For further advice, get in touch: Logan 027 667 7588 / firstname.lastname@example.org
Egmont Honey – James Annabell – Chief Executive
It’s been a terrible production season within our own hives and everyone who supplies us. That has had an impact on the non-mānuka and lower-grade mānuka honey pricing, which is good for beekeepers. We want to see beekeepers doing better, but for us in the middle it is a matter of balancing those needs of the beekeeper with the needs of the retailer, who are constantly pushing us in the other direction.
After a season of low supply it does create challenges in the market place. For instance, one of our international retailers for non-mānuka honey is putting price pressure on us because the beekeeper is only getting $4.50 there. You follow that $4.50 down the chain and ultimately they can offer it to the supermarket for cheaper than us, especially when you consider the costs of transport and export/import which we have.
For them, there is no loyalty to New Zealand honey or their own, they don’t really care about that. It is simply a commodity-type view for these retailers – it’s all purely honey and they want to know what price it can be supplied for. So, we have had to take hits on margin just to protect listings.
We do still have mānuka inventory in our sheds and across the country, but a terrible season will mean there will be demand to fill the sheds back up. Our packing plant is set to be busy filling orders and we are even advertising for night shift staff to keep the orders going out the door. So, the honey drums will need to be replaced.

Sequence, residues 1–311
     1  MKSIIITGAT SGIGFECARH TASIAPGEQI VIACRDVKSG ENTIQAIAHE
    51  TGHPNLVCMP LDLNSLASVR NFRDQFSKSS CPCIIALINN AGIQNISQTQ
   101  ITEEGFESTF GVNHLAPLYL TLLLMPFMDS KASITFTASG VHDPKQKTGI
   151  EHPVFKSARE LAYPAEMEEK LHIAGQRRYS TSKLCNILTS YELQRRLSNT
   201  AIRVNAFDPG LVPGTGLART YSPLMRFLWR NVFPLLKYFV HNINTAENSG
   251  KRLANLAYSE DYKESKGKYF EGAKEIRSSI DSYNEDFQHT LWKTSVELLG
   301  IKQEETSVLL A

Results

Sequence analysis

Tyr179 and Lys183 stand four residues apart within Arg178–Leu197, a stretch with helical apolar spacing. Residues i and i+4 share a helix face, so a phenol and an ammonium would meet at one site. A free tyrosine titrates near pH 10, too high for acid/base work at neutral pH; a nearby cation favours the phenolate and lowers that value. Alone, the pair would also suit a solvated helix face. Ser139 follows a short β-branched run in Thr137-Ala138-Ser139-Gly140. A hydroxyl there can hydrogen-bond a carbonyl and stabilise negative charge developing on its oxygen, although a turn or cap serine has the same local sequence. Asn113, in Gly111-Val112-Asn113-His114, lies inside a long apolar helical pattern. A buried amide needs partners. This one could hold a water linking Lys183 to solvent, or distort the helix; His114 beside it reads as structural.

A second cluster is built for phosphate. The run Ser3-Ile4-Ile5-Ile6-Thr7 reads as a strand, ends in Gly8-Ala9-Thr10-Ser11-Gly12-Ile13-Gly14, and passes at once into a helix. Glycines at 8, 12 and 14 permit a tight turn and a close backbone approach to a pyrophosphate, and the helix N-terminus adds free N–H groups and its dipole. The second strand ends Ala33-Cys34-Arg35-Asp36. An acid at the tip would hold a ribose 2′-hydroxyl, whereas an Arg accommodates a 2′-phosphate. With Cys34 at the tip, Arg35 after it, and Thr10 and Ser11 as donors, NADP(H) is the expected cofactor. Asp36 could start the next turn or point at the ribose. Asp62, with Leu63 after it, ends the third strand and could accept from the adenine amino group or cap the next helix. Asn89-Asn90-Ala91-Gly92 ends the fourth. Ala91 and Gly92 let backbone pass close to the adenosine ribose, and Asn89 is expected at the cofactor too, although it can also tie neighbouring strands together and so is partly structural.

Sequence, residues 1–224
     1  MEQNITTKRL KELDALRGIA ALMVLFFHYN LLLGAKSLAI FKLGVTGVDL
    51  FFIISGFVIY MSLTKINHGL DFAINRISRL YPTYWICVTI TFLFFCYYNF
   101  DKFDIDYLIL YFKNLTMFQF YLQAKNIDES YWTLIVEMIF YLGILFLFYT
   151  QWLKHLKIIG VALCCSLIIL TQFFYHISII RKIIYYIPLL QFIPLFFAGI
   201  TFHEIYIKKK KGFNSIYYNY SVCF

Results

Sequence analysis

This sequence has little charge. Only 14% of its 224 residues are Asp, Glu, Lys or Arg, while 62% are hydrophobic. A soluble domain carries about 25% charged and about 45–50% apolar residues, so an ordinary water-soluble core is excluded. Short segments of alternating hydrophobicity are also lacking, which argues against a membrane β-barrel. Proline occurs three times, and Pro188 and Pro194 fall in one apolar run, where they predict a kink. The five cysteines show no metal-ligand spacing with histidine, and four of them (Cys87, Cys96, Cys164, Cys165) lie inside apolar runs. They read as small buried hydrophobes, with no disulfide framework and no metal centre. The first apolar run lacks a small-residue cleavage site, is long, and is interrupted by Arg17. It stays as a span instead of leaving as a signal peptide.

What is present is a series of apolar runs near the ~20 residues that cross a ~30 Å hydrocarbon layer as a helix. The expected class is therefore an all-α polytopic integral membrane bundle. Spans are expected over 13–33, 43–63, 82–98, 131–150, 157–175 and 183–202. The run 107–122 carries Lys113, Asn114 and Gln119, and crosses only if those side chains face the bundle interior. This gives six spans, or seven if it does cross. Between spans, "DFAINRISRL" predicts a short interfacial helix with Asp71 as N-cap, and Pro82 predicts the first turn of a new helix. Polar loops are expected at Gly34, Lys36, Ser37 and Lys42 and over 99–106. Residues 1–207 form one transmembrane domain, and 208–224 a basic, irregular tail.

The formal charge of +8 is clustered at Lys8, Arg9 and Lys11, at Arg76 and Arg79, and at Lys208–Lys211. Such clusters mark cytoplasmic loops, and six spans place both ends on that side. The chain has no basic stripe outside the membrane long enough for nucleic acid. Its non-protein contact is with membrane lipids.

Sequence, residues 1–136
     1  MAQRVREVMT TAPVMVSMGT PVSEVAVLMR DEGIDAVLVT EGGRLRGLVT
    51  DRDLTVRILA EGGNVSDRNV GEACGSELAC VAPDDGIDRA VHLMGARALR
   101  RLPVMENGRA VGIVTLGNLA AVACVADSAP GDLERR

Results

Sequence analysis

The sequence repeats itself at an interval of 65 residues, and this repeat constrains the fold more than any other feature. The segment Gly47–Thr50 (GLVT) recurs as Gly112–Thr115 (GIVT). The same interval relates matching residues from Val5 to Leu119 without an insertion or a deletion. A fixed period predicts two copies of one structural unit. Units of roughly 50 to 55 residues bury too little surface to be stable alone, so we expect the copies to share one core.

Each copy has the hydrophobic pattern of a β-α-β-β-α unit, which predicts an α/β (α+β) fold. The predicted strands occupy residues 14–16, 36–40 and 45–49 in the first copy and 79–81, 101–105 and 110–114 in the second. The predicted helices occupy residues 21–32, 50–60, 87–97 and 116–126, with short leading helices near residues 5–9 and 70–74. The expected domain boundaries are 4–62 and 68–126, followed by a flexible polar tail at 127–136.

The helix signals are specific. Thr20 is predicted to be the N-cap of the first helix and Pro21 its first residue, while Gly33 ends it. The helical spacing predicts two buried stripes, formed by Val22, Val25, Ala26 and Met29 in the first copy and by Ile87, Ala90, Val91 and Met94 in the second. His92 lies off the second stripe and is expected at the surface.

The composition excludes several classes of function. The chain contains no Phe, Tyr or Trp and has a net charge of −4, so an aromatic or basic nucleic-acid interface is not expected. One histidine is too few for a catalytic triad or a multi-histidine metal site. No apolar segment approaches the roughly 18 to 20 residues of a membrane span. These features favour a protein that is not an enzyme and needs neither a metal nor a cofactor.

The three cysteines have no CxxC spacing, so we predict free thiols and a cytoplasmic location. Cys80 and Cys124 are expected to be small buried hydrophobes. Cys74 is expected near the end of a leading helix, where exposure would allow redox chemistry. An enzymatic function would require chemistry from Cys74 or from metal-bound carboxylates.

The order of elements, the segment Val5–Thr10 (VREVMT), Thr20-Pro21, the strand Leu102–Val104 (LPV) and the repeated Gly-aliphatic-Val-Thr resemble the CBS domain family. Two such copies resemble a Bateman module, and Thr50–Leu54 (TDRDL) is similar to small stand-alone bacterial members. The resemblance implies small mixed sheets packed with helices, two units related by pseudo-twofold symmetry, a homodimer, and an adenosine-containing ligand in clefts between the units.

The domestic market is as fragmented as ever and the race to the bottom is brutal, but for Egmont we have strong export markets and so are not as reliant on local sales and pricing.
In summary, a poor production season, our demand for honey is strong and so my advice for beekeepers is to reach out and have a yarn with us to see where things are at and if their honey will suit our needs now, or for the coming season.
Airborne Honey – John Smart – General Manager Sales
And just like that its June! We are six months into the year and have been inundated with beekeepers sending us samples, keeping our lab busier than ever.
Don’t get me wrong, we are very grateful for the opportunity to receive samples for analysis. By all account’s it has been a good season in the South Island with very good lines of honey being produced, particularly Clover and Vipers Bugloss.
Market conditions have changed from our March update, with good levels of honey available for purchase and declining export volume and value sales. The reason for this change is significantly reduced sales activity by New Zealand honey packers and potentially increased cost of living pressure affecting demand in export markets.
We are projecting export volumes for 2023 to be approximately 8000M/T and the total export value to be approximately $300m. Theses extrapolations are based on Jan-April data so a lot can change from here. As a result, the reduction in demand and value is making it hard to price honey, rest assured we still need to purchase a large volume of honey before the end of the year.
For Airborne, our sales growth is holding up so far in 2023. A lot of our trade is through supermarkets, which are more reliable and thus our sales are more predictable.